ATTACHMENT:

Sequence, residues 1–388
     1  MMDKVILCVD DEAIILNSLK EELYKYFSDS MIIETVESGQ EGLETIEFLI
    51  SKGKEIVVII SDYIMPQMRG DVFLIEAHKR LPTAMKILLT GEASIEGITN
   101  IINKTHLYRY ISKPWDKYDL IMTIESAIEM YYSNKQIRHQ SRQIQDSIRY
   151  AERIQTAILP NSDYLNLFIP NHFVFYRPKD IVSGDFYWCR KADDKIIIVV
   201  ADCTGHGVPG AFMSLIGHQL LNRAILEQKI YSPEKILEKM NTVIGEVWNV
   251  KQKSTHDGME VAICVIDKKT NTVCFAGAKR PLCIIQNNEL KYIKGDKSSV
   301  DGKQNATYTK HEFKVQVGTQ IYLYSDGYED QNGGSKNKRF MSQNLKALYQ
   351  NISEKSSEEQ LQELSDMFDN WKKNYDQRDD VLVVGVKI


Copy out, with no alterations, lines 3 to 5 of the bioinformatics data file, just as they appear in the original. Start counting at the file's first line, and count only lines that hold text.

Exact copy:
    51  SKGKEIVVII SDYIMPQMRG DVFLIEAHKR LPTAMKILLT GEASIEGITN
   101  IINKTHLYRY ISKPWDKYDL IMTIESAIEM YYSNKQIRHQ SRQIQDSIRY
   151  AERIQTAILP NSDYLNLFIP NHFVFYRPKD IVSGDFYWCR KADDKIIIVV